Take a look at the demographic breakdown of the top closers and starters from 2010 -- the 20 closers with at least 25 saves and the 20 starters with an ERA of 3.14 or better:

Maybe Ogando is the next Feliz. Maybe Lowe is the next Heath Bell. Or maybe the Rangers can trade for the next Rocky Biddle.

4. Closers are used improperly.

Closers are not as important as the narrative suggests, because managers use them too often in low-leverage situations, such as getting three outs when up by three runs just to pad the closer's save total.

Critics will argue that Feliz should stay in the bullpen because of those 40 saves. But just how valuable were those 40 saves? Feliz made 70 appearances last year. Throw out those games in which teams win at least 94 percent of the time. In only 27 of those 70 games did Feliz pitch with the game tied or when protecting a one-run lead in the ninth inning or later. In four of those games he gave up the tiebreaking run or blew the lead.

So now, out of those 70 games, you are down to 23 games in which Felix made a major impact -- about 10 fewer games than he would get as a full-time starter.

5. Closers become very expensive on a per-inning basis.

If the Rangers leave Feliz as a closer, they will end up paying an exorbitant amount of money for a guy who throws only 70 innings, the majority of which are not high-leverage.

In short, would you rather have the next Jonathan Papelbon or the next Cole Hamels? The Red Sox will pay Papelbon $27.6 million for his first three arbitration years -- or $7.1 million more than what the Phillies will pay Hamels -- while the Red Sox get about 400 fewer innings for their money. Here is the value scorecard so far for Papelbon vs. Hamels (2009-10):

At least Boston will sometimes give the ball to Papelbon in the eighth inning. Still, of his 131 appearances over the past two years, 47 began when Boston was tied or up by one run, or 36 percent of the time. (Feliz was at 39 percent last year.)

6. Pitchers who can start should start.

The Red Sox didn't have much of an option with Papelbon. They didn't think that he would hold up physically to 200-inning seasons. Mariano Rivera didn't hold up well as a starter.

But pitchers with a good complement of pitches and with the frame and medical history to start maximize their value as starters. Rivera, the greatest closer now or ever, never has earned the average annual value paid to starters such as Jason Schmidt, John Lackey and A.J. Burnett.

The excess attention given to Chamberlain and his troubles shuttling between the rotation and bullpen have clouded the obviousness of this truth. Far less attention was given to how the Cardinals handled Adam Wainwright.

Wainwright pitched out of the bullpen in 2006 and wound up replacing the injured Jason Isringhausen as the St. Louis closer in the postseason. The Cardinals won the World Series with Wainwright as their closer -- the alpha version of Feliz. Did the Cardinals believe it was unnecessary or risky to move him from the closer's role? No, they put him right into the rotation the next year.

How did it work out? Until he blew out his elbow this spring (a pitching time bomb for Wainwright, no matter his usage) and since he was put into the rotation, Wainwright had the lowest ERA (2.93) of any regular starter except Roy Halladay and more wins (64) than anybody but CC Sabathia (76), Halladay (74) and Justin Verlander (66). He would have been wasted as a closer.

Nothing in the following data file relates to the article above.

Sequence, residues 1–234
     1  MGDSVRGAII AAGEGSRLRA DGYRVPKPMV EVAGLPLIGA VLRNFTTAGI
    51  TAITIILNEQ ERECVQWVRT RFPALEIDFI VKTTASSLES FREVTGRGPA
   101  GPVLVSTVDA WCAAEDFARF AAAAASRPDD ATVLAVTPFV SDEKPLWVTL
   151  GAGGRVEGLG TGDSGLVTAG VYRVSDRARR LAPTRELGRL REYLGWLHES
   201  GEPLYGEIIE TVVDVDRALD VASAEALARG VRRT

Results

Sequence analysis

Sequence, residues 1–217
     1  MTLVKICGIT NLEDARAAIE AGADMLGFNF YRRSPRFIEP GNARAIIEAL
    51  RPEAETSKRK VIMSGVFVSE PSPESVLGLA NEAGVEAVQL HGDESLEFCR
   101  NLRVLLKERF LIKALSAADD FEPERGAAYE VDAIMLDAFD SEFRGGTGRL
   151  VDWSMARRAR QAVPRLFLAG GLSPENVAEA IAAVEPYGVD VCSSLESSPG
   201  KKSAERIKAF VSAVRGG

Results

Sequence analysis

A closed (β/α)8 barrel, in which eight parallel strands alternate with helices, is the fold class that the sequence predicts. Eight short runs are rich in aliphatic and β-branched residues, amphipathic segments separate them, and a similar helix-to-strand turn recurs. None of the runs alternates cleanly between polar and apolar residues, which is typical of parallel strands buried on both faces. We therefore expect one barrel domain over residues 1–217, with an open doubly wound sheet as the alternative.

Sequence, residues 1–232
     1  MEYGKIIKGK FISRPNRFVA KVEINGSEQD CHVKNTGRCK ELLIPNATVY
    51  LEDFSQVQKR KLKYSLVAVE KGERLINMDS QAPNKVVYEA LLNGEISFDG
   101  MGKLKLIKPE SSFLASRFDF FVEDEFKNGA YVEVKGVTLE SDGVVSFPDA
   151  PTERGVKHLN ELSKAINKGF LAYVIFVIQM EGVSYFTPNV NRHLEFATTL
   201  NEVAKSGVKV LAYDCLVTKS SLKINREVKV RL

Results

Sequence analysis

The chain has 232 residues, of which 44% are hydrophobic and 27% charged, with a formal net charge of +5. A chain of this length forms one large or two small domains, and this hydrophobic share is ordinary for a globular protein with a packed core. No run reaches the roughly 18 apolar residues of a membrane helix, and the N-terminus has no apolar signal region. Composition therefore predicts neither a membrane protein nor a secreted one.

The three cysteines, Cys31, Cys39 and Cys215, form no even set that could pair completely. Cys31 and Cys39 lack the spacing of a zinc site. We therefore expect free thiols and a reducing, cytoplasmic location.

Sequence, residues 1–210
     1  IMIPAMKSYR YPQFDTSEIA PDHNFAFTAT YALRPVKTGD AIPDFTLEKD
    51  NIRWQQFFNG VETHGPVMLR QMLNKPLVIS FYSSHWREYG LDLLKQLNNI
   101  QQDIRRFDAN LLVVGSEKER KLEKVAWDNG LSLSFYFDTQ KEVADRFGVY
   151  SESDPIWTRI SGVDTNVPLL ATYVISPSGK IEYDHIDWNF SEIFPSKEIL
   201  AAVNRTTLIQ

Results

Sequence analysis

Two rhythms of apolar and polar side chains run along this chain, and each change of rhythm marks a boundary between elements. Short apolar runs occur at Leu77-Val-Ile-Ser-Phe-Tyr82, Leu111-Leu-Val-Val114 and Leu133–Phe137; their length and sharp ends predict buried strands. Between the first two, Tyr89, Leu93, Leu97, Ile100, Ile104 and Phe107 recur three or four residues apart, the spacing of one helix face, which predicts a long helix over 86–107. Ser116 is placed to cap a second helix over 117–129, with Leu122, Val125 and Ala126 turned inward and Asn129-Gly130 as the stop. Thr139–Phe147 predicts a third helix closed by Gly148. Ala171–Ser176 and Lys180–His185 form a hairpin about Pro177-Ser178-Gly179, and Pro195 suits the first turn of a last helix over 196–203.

Similarly, the Rays did not keep David Price in the bullpen after he emerged as a postseason closer in 2008. They knew that he was more valuable as a starter, even though, like the Rangers this spring, they had no obvious closer to replace him. They wound up using J.P. Howell, a 26-year-old left-hander with three career saves whom they picked up three years earlier in a minor trade with the Royals.

7. Ask John Smoltz about postseason impact.

The Braves had Smoltz as their closer for four postseasons (2001-04). Smoltz would become frustrated with his inability to impact a game or even a series the way he did as a starting pitcher. Too many events would have to break just the right way for Smoltz to get a chance to impact a postseason game.

Smoltz was the closer for 23 postseason games in those years. Only twice in those 23 games was he called on to protect a one-run lead. He came in once with the game tied, five times with a lead of three runs or greater and three times with his team trailing.

On the other hand, Smoltz started 27 postseason games for the Braves. Atlanta was 17-10 in those games, a .630 winning percentage.

The Rangers got a glimpse of the Smoltz Factor last year. Of the 15 postseason games for Texas, Feliz had one save opportunity. He pitched seven times -- andnever entered a one-run or tied game.

So give Texas some credit here. The Rangers know what they're doing. And it doesn't matter much how Feliz looks this spring -- are they really going to blow up the trial if he doesn't throw great changeups in notoriously hitter-friendly Arizona in a tiny sample size? He deserves the time to condition his arm and his windup at least through several turns of the rotation into the regular season.

There is, however, one catch to the switch. Feliz is 22 years old and has thrown 69 1/3 and 77 1/3 innings in the past two seasons. He is not ready to carry the workload of an ace because the bullpen use has slowed his development. He did throw 127 1/3 innings in 2008, so Texas could probably push him into the 150-160 range this year. That kind of schedule could mean giving him extra days of rest and skipping starts, similar to how Detroit limited Rick Porcello to 27 starts and 162 2/3 innings in 2009.

In any case, the Rangers have to try the switch now. Delaying it another year only will make the transition harder, and in the meantime waste the possibility of finding the next Verlander, Wainwright or Price right in their own camp.